Transition:
2 (
8 kb)
Bad:
16 (
64 kb)
Unknown:
0 (
0 kb)
TOTAL: 916334 (3665336 kb)
Building kernel map
Finished building kernel map
Invalid PTE frame ffffffff83c00054 0 1fffffd
PFN 00000003 at address 83C00054
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flink
82B3F540 blink / share count 00000001 pteaddress C0000002
reference count 0001
Cached
color 0
Priority 0
restore pte 00000080 containing page
1FFFFFD Active
RW
ReadInProgress WriteInProgress
PFN 01FFFFFD at address BBBFFFAC
flink
00000000 blink / share count 00000000 pteaddress 00000000
reference count 0000
NonCached color 0
Priority 0
restore pte 00000000 containing page
000000 Zeroed
Invalid PTE frame ffffffff84adff20 0 1fffffd
PFN 00087FF8 at address 84ADFF20
flink
85C9FD40 blink / share count 00000001 pteaddress C0000002
reference count 0001
WriteComb color 0
Priority 0
restore pte 00000080 containing page
1FFFFFD Active
RW
ReadInProgress WriteInProgress
PFN 01FFFFFD at address BBBFFFAC
flink
00000000 blink / share count 00000000 pteaddress 00000000
reference count 0000
NonCached color 0
Priority 0
restore pte 00000000 containing page
000000 Zeroed
Invalid PTE frame ffffffff84ae1b04 0 1fffffd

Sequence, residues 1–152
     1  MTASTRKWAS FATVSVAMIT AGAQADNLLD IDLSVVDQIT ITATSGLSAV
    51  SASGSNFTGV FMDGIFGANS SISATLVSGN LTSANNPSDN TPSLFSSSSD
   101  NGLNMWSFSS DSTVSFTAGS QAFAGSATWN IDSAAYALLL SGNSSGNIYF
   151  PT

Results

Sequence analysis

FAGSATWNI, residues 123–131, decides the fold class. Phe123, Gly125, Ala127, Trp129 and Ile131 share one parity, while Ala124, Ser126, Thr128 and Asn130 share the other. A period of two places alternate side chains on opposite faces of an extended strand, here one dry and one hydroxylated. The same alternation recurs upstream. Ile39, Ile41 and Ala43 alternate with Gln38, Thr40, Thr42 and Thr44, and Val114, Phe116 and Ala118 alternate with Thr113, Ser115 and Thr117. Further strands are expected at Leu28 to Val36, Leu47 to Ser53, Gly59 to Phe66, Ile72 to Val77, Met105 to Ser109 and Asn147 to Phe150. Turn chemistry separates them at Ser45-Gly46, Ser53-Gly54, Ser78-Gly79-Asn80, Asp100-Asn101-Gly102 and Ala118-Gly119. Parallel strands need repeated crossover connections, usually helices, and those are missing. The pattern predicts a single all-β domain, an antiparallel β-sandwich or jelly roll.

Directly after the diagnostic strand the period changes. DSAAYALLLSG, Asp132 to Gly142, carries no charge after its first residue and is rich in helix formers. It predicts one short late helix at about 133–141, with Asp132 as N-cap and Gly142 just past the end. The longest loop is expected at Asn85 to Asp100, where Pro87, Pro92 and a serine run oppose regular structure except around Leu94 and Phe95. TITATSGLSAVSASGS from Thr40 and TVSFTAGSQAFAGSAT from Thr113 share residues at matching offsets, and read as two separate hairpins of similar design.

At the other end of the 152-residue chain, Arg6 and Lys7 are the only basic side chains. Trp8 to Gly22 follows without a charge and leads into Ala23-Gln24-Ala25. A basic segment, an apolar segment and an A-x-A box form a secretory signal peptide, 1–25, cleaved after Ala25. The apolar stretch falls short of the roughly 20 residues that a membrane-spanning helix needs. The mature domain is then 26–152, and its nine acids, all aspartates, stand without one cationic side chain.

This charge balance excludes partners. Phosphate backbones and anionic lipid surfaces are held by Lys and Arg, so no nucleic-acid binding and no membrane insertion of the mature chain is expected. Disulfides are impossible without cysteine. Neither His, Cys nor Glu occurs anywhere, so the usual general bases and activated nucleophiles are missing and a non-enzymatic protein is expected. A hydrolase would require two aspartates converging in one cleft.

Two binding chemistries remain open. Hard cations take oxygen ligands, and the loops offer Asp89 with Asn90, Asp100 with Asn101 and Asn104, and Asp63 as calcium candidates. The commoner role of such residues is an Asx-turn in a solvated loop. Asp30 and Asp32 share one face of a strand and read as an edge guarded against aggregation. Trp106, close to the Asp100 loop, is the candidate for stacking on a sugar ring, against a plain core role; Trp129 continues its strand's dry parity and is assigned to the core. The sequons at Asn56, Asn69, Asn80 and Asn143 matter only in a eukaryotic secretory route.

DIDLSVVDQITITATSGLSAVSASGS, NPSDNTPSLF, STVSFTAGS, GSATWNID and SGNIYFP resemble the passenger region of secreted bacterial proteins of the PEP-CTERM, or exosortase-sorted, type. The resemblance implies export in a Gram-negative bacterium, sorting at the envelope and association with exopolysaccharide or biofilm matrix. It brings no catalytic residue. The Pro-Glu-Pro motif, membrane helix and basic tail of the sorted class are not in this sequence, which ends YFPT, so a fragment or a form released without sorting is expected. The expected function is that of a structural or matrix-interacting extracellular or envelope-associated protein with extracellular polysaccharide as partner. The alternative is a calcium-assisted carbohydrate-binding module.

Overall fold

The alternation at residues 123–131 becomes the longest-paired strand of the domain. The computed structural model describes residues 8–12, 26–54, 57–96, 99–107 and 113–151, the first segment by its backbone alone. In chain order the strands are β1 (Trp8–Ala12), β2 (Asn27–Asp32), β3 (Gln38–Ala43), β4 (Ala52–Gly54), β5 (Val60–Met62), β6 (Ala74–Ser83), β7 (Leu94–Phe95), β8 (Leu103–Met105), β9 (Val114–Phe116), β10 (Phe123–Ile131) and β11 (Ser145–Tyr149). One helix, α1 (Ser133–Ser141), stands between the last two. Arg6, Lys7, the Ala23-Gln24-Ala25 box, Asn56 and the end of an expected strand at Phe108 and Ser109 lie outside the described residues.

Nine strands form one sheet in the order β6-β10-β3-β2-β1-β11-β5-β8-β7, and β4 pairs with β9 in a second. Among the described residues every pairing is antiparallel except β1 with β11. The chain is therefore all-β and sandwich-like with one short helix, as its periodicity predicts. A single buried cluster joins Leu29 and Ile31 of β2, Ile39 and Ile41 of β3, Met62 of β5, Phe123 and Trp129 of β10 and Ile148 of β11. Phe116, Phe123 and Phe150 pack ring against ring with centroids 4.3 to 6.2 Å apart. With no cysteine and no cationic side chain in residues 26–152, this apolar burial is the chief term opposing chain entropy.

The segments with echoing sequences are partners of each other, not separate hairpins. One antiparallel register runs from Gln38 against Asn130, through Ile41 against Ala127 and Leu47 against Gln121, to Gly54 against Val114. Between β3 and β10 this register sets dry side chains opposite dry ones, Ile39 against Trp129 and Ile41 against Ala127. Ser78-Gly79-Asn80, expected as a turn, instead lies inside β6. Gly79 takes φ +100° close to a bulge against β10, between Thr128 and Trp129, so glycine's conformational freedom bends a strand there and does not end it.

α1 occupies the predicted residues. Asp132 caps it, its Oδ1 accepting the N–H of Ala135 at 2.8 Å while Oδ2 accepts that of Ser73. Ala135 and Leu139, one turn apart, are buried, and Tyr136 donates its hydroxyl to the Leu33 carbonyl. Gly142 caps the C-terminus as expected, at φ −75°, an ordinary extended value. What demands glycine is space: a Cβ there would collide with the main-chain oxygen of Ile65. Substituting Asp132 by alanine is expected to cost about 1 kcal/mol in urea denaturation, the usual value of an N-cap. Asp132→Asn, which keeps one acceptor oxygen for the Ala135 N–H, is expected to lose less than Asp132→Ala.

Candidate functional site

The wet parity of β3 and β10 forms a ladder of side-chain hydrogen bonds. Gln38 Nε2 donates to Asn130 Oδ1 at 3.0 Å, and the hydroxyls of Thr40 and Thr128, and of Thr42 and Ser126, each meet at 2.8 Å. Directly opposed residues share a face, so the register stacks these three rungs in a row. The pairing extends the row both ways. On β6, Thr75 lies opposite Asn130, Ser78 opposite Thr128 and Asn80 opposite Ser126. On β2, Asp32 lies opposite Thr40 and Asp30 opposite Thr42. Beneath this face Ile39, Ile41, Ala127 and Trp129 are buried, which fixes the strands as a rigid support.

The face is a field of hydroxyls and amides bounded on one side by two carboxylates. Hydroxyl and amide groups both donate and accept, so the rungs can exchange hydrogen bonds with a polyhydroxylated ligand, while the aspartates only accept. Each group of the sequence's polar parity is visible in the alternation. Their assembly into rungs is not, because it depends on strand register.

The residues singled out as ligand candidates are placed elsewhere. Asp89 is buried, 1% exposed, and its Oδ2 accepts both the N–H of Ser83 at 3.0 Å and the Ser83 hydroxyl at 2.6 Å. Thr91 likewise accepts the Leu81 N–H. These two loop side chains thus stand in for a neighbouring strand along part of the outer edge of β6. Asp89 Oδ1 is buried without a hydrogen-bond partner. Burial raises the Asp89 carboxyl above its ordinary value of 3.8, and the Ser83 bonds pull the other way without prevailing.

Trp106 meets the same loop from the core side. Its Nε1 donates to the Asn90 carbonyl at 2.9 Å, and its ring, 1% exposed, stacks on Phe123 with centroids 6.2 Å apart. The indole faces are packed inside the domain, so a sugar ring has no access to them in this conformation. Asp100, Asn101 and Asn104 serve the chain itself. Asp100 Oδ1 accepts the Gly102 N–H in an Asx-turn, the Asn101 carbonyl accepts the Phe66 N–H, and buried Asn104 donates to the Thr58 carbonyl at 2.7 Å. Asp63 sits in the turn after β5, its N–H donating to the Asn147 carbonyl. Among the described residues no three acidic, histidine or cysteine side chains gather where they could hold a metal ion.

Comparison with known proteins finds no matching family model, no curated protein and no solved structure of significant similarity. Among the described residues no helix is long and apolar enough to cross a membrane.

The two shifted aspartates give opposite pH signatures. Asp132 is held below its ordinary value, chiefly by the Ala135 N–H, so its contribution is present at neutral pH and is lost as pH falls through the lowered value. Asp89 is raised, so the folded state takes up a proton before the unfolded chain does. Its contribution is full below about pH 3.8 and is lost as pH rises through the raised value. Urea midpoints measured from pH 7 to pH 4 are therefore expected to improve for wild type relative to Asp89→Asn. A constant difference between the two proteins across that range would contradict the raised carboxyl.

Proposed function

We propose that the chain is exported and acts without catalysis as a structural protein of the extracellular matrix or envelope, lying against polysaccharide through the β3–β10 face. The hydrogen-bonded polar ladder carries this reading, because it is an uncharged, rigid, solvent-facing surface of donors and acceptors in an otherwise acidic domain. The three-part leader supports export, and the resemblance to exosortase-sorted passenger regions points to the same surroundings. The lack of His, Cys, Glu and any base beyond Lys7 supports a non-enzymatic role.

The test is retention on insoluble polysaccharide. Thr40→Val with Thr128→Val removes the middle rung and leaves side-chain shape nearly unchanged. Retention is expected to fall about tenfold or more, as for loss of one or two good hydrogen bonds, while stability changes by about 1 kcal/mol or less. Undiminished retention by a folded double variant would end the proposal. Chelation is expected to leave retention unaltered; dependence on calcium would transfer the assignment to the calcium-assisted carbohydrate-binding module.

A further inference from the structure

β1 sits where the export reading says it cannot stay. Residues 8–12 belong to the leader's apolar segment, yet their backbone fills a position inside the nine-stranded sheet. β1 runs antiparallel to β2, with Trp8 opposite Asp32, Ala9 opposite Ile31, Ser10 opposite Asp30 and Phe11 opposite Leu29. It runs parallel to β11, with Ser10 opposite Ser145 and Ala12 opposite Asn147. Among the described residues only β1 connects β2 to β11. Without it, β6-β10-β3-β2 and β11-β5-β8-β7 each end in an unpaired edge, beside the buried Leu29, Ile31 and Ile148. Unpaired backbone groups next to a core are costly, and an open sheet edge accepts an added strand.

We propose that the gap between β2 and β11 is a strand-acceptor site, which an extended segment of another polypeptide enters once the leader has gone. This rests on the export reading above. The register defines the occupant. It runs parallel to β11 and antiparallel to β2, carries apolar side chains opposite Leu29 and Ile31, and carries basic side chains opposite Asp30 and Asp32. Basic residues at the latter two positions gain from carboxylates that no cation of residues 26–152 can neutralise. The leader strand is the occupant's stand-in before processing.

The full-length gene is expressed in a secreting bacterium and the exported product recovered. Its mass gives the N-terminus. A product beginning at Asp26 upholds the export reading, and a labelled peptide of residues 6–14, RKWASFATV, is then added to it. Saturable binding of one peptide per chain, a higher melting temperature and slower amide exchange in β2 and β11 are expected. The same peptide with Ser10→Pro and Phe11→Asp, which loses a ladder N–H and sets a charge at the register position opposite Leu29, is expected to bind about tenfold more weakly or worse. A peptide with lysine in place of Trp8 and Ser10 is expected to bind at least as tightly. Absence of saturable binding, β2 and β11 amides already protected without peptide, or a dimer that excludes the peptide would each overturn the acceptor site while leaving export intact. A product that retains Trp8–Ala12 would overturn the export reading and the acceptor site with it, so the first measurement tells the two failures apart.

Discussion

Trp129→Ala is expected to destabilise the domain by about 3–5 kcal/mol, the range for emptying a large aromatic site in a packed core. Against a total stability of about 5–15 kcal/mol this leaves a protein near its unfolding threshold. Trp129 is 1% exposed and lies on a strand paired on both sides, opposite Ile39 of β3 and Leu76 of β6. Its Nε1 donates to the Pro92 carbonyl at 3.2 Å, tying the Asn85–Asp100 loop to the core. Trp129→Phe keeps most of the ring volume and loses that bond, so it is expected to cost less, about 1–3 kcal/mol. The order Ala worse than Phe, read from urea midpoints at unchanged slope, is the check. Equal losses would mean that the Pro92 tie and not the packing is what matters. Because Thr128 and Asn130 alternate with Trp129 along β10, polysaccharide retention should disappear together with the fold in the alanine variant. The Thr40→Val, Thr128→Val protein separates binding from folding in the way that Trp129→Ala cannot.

PFN 000880F7 at address 84AE1B04
flink
85C9FD40 blink / share count 00000001 pteaddress C0000002
reference count 0001
WriteComb color 0
Priority 0
restore pte 00000080 containing page
1FFFFFD Active
RW
ReadInProgress WriteInProgress
PFN 01FFFFFD at address BBBFFFAC
flink
00000000 blink / share count 00000000 pteaddress 00000000
reference count 0000
NonCached color 0
Priority 0
restore pte 00000000 containing page
000000 Zeroed
Invalid PTE frame ffffffff84ae1b58 0 1fffffd
PFN 000880FA at address 84AE1B58
flink
85C9FD40 blink / share count 00000001 pteaddress C0000002
reference count 0001
Cached
color 0
Priority 0
restore pte 00000080 containing page
1FFFFFD Active
RW
ReadInProgress WriteInProgress
PFN 01FFFFFD at address BBBFFFAC
flink
00000000 blink / share count 00000000 pteaddress 00000000
reference count 0000
NonCached color 0
Priority 0
restore pte 00000000 containing page
000000 Zeroed
Invalid PTE frame ffffffff84ae1b90 0 1fffffd
PFN 000880FC at address 84AE1B90
flink
85C9FD40 blink / share count 00000001 pteaddress C0000002
reference count 0001
Cached
color 0
Priority 0
restore pte 00000080 containing page
1FFFFFD Active
RW
ReadInProgress WriteInProgress
PFN 01FFFFFD at address BBBFFFAC
flink
00000000 blink / share count 00000000 pteaddress 00000000
reference count 0000
NonCached color 0
Priority 0
restore pte 00000000 containing page
000000 Zeroed
Invalid PTE frame ffffffff84ae1bac 0 1fffffd
PFN 000880FD at address 84AE1BAC
flink
85C9FD40 blink / share count 00000001 pteaddress C0000002
reference count 0001
WriteComb color 0
Priority 0
restore pte 00000080 containing page
1FFFFFD Active
RW
ReadInProgress WriteInProgress
PFN 01FFFFFD at address BBBFFFAC
flink
00000000 blink / share count 00000000 pteaddress 00000000
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reference count 0000
restore pte 00000000
NonCached color 0
containing page
87
Priority 0
000000 Zeroed
Scanning PFN database - (100% complete)